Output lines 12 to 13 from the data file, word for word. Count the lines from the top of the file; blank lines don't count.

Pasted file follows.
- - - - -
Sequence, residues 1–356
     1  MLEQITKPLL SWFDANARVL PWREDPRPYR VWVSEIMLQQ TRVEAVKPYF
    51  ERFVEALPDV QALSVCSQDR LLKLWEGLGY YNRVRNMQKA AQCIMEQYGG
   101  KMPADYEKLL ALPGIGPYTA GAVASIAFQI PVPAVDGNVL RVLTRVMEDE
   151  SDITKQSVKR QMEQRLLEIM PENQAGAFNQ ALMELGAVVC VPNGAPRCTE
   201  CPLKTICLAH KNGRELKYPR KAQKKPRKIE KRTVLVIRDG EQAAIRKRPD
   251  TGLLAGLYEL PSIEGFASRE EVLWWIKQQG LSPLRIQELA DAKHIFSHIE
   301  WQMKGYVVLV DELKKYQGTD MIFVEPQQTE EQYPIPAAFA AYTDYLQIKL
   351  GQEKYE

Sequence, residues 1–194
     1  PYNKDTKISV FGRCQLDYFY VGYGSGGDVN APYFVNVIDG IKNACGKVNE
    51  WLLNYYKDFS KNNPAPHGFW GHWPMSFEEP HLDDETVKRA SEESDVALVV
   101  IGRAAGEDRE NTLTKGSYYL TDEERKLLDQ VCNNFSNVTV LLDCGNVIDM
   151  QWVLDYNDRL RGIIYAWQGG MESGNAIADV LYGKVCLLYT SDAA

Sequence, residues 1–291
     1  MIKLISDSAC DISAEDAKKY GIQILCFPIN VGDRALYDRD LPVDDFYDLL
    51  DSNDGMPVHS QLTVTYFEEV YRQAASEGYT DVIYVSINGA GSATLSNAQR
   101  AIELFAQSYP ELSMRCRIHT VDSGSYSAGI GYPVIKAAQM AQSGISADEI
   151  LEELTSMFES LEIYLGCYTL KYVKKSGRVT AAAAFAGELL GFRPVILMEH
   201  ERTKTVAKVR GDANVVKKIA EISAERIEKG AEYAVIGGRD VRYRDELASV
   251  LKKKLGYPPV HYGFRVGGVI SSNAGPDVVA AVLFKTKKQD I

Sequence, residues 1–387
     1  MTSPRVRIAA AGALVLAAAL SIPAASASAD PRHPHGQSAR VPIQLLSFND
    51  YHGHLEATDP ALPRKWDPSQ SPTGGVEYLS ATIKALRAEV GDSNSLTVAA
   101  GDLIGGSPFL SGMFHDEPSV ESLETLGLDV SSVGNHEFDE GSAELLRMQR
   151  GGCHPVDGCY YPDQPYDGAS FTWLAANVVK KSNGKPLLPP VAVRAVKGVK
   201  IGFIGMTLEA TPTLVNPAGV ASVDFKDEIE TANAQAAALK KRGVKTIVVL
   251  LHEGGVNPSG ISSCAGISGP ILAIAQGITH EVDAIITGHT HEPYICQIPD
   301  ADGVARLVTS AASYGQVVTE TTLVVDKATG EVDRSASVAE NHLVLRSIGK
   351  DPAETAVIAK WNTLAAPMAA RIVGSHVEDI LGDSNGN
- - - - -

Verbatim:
    51  WLLNYYKDFS KNNPAPHGFW GHWPMSFEEP HLDDETVKRA SEESDVALVV
   101  IGRAAGEDRE NTLTKGSYYL TDEERKLLDQ VCNNFSNVTV LLDCGNVIDM